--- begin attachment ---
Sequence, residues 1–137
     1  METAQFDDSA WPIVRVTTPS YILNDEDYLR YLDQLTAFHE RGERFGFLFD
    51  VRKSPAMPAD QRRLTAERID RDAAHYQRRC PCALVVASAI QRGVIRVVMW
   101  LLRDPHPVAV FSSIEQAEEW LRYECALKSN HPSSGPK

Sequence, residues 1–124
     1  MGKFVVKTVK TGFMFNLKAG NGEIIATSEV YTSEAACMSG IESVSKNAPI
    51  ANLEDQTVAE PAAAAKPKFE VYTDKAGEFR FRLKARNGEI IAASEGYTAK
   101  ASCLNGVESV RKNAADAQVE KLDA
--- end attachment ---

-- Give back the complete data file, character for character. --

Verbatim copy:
Sequence, residues 1–137
     1  METAQFDDSA WPIVRVTTPS YILNDEDYLR YLDQLTAFHE RGERFGFLFD
    51  VRKSPAMPAD QRRLTAERID RDAAHYQRRC PCALVVASAI QRGVIRVVMW
   101  LLRDPHPVAV FSSIEQAEEW LRYECALKSN HPSSGPK

Sequence, residues 1–124
     1  MGKFVVKTVK TGFMFNLKAG NGEIIATSEV YTSEAACMSG IESVSKNAPI
    51  ANLEDQTVAE PAAAAKPKFE VYTDKAGEFR FRLKARNGEI IAASEGYTAK
   101  ASCLNGVESV RKNAADAQVE KLDA